A: Students can pick out the programs of interest and compare them on characteristics such as percent of students funded in the first year, time to degree, and placement rate. Comparing programs based on the dimensional ranking "Student Support and Outcomes" -- which is a single measure that combines these characteristics -- may be helpful as well. A tutorial giving an example of how students can use the spreadsheets to select and compare different programs will be available at http://www.nap.edu/rdp when the assessment is publicly released.
In addition, PhDs.org, an independent web site not affiliated with the National Research Council, is incorporating data from the assessment into its Graduate School Guide. Users of the Guide will be able to assign weights to the program characteristics measured by the National Research Council and others, and rank graduate programs according to their own priorities.
Prospective students should not use the NRC data alone in their evaluation. They should talk to faculty in their field of interest and students who are now pursuing doctoral study in the programs that interest them as they make their evaluation.
Q: Do I have to work with the data in Excel? Is there any way I can get a data file to use with SAS?
A: Some users will want to go well beyond the capabilities of Excel and export the data into statistical software such as SAS, Stata, or SPSS. In such cases, users should make a tab-delimited file of the data in the Excel spreadsheet and use the functionality of the target software to put the file into that program's format.
Q: What should I do if I see an error in the data about my program?
A: Some institutions, when they examine the spreadsheet for the database of the National Research Council study A Data-Based Assessment of Research-Doctorate Programs, may find data that are or appear to be incorrect. Over the next several weeks following public release of the report and database, we wish to be informed about potential mistakes, misunderstandings, and possible errors.
The NRC took many precautions during data collection to assure the accuracy of the data. Data were returned to the institutional coordinator for verification, and data that were obviously incorrect were flagged. This verification process was ongoing through the summer of 2010. Despite these efforts, errors may persist, and there are many possible causes.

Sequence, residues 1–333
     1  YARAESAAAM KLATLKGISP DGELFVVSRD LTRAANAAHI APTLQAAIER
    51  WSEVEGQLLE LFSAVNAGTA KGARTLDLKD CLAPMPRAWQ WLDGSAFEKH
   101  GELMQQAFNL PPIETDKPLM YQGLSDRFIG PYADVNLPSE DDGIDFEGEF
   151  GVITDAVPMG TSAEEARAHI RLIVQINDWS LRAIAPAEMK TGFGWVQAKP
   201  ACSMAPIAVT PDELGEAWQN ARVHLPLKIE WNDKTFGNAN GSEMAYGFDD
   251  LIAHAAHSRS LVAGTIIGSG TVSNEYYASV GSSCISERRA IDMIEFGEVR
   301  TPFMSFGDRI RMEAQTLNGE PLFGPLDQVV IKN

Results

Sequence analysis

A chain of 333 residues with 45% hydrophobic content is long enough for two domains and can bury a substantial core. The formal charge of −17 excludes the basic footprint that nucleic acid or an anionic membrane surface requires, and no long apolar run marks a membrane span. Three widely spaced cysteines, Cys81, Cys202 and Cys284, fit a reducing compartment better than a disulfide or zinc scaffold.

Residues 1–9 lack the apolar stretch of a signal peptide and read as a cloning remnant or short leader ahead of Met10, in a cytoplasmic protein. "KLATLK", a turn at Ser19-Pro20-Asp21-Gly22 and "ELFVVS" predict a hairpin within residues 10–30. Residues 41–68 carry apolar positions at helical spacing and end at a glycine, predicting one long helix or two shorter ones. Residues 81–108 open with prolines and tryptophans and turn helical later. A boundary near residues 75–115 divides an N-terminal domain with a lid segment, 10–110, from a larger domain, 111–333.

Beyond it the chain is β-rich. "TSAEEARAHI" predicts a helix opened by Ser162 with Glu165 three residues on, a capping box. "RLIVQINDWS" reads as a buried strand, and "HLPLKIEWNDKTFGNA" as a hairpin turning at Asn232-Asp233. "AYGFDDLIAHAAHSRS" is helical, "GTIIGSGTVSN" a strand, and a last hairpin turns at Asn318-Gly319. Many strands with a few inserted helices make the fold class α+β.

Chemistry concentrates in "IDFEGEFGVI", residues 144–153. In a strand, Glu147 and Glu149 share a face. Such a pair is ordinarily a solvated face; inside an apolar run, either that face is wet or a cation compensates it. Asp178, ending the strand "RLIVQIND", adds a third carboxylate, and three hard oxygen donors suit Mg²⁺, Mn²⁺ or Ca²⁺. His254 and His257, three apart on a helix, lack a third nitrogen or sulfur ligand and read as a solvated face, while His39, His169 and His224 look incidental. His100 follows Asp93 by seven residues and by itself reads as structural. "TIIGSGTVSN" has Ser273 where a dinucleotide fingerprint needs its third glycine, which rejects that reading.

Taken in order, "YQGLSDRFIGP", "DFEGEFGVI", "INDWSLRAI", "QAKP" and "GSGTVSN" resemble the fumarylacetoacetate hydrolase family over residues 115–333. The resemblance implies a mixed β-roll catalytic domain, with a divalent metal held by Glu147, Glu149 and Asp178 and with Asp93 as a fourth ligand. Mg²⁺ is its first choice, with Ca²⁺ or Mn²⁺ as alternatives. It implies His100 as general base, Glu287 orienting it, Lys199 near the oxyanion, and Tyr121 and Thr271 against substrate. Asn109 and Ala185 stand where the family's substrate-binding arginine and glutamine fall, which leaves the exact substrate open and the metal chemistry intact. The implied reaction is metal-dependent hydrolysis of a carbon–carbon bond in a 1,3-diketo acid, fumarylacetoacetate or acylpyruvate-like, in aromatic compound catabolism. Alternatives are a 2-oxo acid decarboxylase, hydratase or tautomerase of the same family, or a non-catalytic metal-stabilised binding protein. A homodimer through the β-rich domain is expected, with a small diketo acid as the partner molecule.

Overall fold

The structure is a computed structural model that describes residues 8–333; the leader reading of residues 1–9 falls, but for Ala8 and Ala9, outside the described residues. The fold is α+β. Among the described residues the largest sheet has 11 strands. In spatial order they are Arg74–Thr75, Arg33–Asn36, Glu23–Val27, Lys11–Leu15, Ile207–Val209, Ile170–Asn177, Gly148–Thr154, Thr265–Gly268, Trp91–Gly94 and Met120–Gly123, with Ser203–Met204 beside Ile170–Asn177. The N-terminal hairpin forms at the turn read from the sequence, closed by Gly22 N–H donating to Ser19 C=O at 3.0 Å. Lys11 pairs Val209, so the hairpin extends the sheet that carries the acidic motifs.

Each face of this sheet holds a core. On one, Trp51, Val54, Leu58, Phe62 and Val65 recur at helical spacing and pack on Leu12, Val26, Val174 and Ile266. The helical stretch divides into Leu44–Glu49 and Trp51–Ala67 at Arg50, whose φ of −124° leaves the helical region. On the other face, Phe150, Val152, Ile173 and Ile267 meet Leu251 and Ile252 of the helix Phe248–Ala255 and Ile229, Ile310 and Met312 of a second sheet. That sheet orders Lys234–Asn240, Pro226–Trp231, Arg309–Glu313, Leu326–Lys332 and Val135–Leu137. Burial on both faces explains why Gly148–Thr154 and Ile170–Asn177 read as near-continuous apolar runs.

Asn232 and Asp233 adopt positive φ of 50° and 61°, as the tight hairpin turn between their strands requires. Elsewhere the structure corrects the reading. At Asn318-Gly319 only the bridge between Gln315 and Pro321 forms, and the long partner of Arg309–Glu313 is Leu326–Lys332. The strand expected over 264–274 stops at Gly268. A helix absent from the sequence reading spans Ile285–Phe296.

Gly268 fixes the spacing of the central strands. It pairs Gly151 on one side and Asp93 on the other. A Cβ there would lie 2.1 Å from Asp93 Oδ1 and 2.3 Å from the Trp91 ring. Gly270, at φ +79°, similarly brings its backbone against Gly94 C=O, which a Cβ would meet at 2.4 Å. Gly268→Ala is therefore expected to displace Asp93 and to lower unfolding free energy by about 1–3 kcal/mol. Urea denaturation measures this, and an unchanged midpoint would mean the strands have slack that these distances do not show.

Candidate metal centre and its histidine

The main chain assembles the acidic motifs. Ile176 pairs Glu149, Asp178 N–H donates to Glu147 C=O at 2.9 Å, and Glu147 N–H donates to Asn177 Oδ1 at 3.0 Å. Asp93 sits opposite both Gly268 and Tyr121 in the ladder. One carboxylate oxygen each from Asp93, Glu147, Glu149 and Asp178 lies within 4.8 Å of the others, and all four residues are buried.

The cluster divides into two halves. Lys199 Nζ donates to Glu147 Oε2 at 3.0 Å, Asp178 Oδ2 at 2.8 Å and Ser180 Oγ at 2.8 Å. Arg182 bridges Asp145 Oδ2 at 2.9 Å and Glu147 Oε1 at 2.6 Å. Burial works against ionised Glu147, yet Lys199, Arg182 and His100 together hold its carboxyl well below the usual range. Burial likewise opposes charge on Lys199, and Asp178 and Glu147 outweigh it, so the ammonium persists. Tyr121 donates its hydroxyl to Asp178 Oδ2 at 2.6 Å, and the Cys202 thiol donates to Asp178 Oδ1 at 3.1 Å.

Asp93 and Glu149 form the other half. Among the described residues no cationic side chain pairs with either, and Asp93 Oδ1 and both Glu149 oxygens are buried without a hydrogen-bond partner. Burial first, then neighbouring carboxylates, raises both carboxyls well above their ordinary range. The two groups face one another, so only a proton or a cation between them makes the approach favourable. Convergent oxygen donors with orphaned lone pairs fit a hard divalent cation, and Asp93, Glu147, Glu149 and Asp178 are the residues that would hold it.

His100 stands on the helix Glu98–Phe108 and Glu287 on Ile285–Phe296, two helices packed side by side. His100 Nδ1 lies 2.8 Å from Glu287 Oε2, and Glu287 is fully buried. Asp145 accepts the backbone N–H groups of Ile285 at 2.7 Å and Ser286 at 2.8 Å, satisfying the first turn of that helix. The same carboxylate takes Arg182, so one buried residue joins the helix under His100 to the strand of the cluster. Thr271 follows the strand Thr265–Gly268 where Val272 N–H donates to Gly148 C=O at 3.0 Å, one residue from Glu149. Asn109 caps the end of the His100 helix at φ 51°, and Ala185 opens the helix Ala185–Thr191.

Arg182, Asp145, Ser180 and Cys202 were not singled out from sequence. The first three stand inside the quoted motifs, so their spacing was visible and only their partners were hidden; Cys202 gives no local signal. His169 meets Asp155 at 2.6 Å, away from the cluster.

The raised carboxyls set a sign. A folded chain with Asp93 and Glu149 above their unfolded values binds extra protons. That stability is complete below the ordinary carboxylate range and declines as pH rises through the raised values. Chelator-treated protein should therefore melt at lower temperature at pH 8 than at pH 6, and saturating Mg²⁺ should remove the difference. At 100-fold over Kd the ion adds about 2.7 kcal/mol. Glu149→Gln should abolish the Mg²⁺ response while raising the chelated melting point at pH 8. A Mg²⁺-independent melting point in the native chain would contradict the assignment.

The institutional coordinator at the university should bring information about potential mistakes, misunderstandings, and possible errors to the attention of Charlotte Kuh (firstname.lastname@example.org) or Jim Voytuk (email@example.com). Please explain the problem and, if known, its source, and indicate the correct data, program classification, or other aspect of the problem. We will examine the data and work with the institution to identify the source of the error, and the remedy will depend on the source.
If the university, in collecting the data, misunderstood the directions and entered erroneous or incomplete data, we will record what the university tells us on a publicly available list. The NRC will maintain a database of these corrections classified by institution and program on the What's New page.
Universities can also provide information regarding corrections of this type for the 2005/6 data on the websites for their programs. It is unlikely that we will be able to undertake the considerable effort that would be required to validate and implement such corrections to the 2005/6 data (such as with variables dependent on faculty lists) in order to change the spreadsheet or to rerun the illustrative rankings.
If it is determined that the source of the error was in the processing by the NRC of institutional data supplied by universities, we will collate the needed revisions, and we will attempt to rerun the illustrative rankings and publish a revised master spreadsheet. We ask that any information regarding possible errors of this sort be sent to us by November 1, 2010.